But then my needs changed. In addition to apartment keys, I now had a car key. My wallet got thicker. In it, I had a driver’s license, a couple of credit cards, a library card, a bank card, a grocery store card. It was no longer that easy to cram the thicker wallet into my tiny bag. At another renaissance faire, I found the “perfect” replacement for my little bag.
My new waist bag had the added advantage of being hands-free. When I got my first cell phone, a tiny little thing that was about the size of a lighter, it fit nicely in the smaller outside pocket. My second cell phone, a slightly larger flip phone, also fit in that same pocket. Things were perfect.
But then I got more technology: a smart phone, a iPad. My perfect bag no longer worked so well. I needed to find something else.
Enter the Ristretto by Tom Bihn (my newest favorite bag maker). It had so many organizer pockets: a padded pocket for the iPad, two pockets that were perfect sizes for my little to-do notebook and my iPhone, a couple of pen pockets, a zippered pocket where I put my wallet, a main compartment which could hold a book or notebook, and a back pocket perfect for loose papers or a magazine. It also had several o-rings onto which I could tether my keys.
This new bag held much promise to become my Every Day Carry Bag. However, I soon discovered the main problem with this bag. Because it fit so many things, I tried to make it my one and only bag. But with everything that I wanted to carry at times, the bag became much too heavy. Even with its padded cross body strap, one shoulder was carrying more weight than was comfortable.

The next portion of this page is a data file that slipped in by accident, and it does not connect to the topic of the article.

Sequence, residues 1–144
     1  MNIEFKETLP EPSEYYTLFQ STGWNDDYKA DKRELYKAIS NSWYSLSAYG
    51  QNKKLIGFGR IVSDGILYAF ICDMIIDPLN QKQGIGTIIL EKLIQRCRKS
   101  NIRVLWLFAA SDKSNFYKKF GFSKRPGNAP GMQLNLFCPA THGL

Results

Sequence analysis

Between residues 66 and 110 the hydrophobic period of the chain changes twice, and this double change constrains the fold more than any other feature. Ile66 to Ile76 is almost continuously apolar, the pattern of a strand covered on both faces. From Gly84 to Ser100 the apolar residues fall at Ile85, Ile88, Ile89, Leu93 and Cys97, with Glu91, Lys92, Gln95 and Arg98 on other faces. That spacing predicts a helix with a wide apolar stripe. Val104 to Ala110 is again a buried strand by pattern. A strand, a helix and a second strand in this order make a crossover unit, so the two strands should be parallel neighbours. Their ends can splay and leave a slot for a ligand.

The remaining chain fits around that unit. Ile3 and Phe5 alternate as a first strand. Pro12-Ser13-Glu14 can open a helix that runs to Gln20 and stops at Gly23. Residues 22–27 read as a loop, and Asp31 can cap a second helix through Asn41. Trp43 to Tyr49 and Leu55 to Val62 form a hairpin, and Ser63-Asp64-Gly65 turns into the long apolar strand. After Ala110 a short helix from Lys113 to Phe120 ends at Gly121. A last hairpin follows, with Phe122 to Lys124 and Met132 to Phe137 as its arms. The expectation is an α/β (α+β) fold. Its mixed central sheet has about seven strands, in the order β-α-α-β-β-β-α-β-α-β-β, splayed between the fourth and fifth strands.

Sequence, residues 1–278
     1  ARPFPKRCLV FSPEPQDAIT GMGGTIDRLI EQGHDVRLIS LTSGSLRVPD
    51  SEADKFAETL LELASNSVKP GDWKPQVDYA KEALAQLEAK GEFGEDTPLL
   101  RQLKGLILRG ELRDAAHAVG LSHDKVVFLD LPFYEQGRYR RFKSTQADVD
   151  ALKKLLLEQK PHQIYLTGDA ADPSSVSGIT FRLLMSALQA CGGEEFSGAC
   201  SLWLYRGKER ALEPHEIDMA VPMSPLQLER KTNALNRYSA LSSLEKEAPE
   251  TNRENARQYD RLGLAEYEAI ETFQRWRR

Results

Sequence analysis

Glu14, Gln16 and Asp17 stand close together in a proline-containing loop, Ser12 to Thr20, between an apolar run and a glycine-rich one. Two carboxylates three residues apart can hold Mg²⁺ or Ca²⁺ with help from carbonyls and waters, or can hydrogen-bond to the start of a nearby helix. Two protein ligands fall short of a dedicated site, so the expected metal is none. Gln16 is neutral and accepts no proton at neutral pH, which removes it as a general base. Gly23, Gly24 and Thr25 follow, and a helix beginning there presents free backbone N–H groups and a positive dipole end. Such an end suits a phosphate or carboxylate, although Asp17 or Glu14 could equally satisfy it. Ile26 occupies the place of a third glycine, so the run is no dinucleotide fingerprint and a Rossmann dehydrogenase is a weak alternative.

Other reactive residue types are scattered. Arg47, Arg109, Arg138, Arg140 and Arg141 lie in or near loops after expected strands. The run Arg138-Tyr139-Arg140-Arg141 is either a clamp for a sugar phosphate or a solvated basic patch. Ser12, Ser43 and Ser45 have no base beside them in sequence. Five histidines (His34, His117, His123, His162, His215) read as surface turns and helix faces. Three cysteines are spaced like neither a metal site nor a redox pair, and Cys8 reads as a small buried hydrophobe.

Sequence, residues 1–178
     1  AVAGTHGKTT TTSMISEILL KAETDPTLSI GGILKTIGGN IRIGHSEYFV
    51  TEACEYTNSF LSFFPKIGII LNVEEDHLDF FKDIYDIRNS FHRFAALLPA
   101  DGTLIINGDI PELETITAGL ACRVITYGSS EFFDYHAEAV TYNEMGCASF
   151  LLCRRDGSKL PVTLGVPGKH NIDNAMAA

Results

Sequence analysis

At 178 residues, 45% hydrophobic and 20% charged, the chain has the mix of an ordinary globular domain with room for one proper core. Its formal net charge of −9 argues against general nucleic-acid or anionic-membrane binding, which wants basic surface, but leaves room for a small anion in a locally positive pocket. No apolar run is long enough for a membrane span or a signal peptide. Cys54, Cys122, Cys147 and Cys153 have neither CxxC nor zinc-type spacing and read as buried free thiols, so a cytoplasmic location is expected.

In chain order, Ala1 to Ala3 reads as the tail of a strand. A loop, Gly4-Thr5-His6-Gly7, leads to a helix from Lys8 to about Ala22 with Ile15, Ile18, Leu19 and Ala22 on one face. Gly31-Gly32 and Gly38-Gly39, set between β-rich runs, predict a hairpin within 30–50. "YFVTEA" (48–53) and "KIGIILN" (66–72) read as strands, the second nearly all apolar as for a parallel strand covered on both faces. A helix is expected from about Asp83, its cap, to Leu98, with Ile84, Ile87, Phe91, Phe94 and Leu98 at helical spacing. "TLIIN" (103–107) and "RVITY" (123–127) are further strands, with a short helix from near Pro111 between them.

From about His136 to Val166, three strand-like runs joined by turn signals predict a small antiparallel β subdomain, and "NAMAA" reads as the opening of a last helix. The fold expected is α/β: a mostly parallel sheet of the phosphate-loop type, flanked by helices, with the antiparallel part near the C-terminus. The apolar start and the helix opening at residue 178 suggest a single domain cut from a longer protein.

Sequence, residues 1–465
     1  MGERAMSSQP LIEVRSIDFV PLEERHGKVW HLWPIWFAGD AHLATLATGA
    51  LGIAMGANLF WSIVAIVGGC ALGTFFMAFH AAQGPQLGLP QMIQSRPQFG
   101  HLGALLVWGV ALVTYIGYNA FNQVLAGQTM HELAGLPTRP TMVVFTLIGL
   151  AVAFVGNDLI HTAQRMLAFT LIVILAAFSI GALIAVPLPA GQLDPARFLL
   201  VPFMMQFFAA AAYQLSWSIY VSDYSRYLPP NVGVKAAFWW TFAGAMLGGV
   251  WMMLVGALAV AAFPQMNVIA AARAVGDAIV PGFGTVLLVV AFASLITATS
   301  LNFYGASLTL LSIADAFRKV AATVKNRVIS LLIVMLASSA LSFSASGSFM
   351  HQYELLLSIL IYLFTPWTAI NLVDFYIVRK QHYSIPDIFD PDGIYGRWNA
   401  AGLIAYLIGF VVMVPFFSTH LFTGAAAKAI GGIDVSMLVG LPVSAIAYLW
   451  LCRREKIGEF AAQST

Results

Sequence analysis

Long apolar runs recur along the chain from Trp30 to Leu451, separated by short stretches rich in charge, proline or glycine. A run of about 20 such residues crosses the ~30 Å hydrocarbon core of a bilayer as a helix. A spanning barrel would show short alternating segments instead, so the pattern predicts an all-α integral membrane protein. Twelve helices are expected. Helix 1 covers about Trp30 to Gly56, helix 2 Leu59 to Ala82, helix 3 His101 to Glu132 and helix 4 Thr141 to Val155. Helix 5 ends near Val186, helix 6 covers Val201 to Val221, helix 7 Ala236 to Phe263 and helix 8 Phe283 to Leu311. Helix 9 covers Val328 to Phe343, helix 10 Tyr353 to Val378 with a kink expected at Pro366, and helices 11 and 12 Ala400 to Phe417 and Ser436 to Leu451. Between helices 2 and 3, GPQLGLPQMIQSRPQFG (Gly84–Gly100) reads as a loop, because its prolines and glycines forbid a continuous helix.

Maybe one bag will never be my perfect “Every Day Carry Bag”. My solution now is to have two bags.
a backpack for my MacBook and/or iPad, books, and binders; all those heavy things that were weighing down my Ristratto.
a smaller bag for all the other sundry items that I carry: wallet, keys, a pen and a pencil and my little to-do notebook, the iPhone, my earbuds,
I pulled out my absolute favorite backpack, my 40+ year old Jansport. They do NOT make backpacks like this any more. A piece of leather secures the straps in back. The buckles are metal – they will never break like plastic ones do. And Jansport, true to its lifetime guarantee, replaced my broken zipper for free about twelve years ago.
And I purchased a smaller bag, the Sidekick, from Tom Bihn.
My Jansport is a relatively small backpack. It will hold my laptop, a textbook, and a thin binder. So it never gets too terribly heavy. Carrying a backpack is easier on my shoulders than carrying a cross-body shoulder bag.
The Sidekick is a perfect small bag. It has lots of organization. An outer zipped pocket has my keys, tethered nicely by the o-rings and key-straps. Inside are more o-rings and multiple pockets. The interior o-rings tether my Tom Bihn wallet and other organizational pouches. This means I will never accidentally leave my wallet somewhere ever again. There are pockets for my phone, to-do notebook, a pen, a pencil, sunglasses, and more. I can nicely fit a paperback in the main compartment.
So for now, I don’t have a perfect bag, but I do have a perfect bag combination. The operative word is “for now”. Things might change. Who knows what I will need in a year or two?